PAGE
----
This fall, I went to Amsterdam to talk about "How Software Patents Are Delaying The Future", on a discussion panel organised by the European Patent Office. The other people on the panel were patent attorney Simon Davies, and Ioannis Bozas, a patent examiner at the EPO. The panel was moderated by James Nurton of Managing IP. Despite our very different views on the subject, we had very friendly and informative conversations before, during, and after the panel.
For the EPO, organising this debate was something of a gamble. They’re widely criticised for their practice of awarding patents on computer programs, and the debate tends to get rather heated. While I couldn’t disagree more strongly with the way they do things at the EPO when it comes to software, I give them credit for putting this debate together. It was also refreshing to hear Ioannis state clearly that the EPO grants patents on software, as long as the program makes a "technical contribution"—that’s somewhat clearer than the line about "computer-implemented inventions" we’ve mostly seen the EPO employ so far.
There were many interesting points in the debate, though, as you might imagine, consensus was in short supply. The argument that I made was that we need to encourage innovation; that patents are only one of many possible tools to encourage innovation; and that in the case of software, they’re horribly counterproductive. That’s why we need to get rid of software patents, and bring the patent system under the control of political institutions, so that we can design an evidence-based innovation policy as required by the circumstances. (See here for FSFE's work on software patents.)
The argument against software patents
I started out with a look around us: The Internet, the World Wide Web, Free Software were not only not patented; they were only successful precisely because they were not patented.
Then came the basics. A patent is basically a social contract. The inventor gives us a new idea, we as a society give her a limited monopoly to use that idea. As with any contract, we need to check whether we’re actually getting a good deal.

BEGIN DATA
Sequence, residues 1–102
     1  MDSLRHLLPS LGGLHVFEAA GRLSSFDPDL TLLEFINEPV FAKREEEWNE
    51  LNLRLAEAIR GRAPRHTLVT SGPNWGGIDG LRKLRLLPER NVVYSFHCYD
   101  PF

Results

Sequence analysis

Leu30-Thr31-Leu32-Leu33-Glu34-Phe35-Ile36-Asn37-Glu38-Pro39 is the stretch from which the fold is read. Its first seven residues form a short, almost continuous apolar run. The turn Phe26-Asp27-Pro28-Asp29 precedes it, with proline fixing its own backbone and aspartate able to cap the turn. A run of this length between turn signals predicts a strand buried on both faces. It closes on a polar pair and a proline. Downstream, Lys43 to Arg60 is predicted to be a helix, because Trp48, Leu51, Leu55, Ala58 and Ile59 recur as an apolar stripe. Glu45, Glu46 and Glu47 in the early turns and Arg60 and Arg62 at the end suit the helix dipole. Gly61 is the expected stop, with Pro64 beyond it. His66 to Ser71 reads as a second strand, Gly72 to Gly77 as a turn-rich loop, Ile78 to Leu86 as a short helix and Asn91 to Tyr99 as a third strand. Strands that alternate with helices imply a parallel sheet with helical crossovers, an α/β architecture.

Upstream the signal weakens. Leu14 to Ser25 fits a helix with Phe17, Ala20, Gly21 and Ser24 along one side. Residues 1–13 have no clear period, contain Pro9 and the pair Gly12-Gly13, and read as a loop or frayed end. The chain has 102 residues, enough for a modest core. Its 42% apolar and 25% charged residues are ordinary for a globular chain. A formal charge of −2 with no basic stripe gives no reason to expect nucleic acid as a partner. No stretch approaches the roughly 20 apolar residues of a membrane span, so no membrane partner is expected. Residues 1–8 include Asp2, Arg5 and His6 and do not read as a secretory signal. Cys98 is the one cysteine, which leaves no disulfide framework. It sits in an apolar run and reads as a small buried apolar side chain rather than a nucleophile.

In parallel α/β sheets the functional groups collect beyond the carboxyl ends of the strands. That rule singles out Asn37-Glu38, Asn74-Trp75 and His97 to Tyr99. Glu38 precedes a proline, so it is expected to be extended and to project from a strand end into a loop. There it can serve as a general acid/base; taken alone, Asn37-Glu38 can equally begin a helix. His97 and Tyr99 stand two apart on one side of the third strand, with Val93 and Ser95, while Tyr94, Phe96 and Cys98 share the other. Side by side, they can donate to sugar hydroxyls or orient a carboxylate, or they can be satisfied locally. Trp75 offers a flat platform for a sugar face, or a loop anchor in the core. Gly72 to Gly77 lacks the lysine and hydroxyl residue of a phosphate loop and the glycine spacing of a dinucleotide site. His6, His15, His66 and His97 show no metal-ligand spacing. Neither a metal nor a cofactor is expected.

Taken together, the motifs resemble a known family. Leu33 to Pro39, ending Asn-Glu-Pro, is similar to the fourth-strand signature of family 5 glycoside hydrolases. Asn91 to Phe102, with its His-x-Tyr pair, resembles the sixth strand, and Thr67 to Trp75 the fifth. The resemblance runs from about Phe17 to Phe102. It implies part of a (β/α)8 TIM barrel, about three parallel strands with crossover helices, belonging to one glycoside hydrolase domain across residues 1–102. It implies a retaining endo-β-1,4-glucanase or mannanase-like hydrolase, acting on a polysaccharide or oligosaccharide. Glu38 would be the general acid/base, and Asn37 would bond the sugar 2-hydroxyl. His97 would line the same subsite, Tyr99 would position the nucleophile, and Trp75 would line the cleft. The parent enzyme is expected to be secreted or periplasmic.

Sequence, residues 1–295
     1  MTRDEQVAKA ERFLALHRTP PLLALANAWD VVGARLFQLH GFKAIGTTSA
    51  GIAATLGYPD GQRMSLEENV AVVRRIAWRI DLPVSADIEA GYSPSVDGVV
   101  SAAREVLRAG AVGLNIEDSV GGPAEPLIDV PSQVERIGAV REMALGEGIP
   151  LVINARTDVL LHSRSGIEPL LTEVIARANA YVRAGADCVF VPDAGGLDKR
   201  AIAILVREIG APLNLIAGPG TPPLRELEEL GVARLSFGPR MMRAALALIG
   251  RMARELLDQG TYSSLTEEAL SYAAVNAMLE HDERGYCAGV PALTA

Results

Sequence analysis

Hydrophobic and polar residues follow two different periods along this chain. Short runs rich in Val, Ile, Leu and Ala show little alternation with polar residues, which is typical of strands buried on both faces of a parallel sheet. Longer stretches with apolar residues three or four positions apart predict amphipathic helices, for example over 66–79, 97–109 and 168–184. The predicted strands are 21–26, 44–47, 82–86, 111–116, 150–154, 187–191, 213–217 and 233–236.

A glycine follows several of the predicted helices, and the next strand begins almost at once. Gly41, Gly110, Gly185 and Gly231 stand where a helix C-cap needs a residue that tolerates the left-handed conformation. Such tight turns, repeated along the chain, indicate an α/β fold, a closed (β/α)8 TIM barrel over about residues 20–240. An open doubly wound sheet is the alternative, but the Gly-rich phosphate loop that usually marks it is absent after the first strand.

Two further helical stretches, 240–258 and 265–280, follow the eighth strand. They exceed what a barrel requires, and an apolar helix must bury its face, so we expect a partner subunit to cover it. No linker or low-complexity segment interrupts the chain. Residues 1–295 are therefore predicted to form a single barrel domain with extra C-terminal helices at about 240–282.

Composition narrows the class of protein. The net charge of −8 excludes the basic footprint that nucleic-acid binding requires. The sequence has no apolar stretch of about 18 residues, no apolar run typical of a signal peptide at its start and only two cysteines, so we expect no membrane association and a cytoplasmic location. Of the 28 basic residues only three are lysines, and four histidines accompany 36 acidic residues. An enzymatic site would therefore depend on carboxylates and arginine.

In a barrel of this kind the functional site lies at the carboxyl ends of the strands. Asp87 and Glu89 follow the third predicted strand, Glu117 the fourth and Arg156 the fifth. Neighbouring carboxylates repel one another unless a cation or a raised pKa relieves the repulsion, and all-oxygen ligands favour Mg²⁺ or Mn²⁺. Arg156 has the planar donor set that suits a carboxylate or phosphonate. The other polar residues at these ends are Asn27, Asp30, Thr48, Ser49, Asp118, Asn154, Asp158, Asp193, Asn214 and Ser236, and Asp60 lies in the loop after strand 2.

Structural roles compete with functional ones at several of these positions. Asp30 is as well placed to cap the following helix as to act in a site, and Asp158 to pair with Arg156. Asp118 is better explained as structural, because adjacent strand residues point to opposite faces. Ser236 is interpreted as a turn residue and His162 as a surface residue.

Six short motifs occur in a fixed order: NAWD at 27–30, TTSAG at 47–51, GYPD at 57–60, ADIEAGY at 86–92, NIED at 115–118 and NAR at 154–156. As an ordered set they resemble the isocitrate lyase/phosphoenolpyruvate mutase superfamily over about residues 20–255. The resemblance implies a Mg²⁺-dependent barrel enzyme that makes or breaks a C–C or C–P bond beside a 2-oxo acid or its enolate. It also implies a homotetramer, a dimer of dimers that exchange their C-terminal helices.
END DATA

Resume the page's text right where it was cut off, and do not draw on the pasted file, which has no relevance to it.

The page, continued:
This contract is just a means towards a more important end: promoting innovation and, ultimately, progress.
So we need to ask:
- Do patents on software lead to innovation that wouldn’t have occurred otherwise?
- Is granting a monopoly the only way to obtain this innovation?
- By granting a monopoly, what follow-on innovation are we passing up?
Looking at the classic Bill Gates quote about how "the industry would be at a standstill today" if programmers had started patenting their software earlier, I pointed out that that’s pretty much where the smartphone industry is today. Every day seems to bring a new patent lawsuit in the area. Patents have degraded into just another stick to beat competitors with. The captains of the mobile industry can only keep their ships steaming ahead through the patent tangles by burning piles of cash in the kettles of litigation.
There are two basic disconnects that make patents so horribly unsuitable for software. The first is that patents last many years, while development cycles in software are measured in months. The other is that a patent gives its owner a very strong monopoly power, while at the same time the hurdle for coming up with a patentable idea in software is extremely low. The "one-click" patent is a case in point, as the technology’s original developer explains: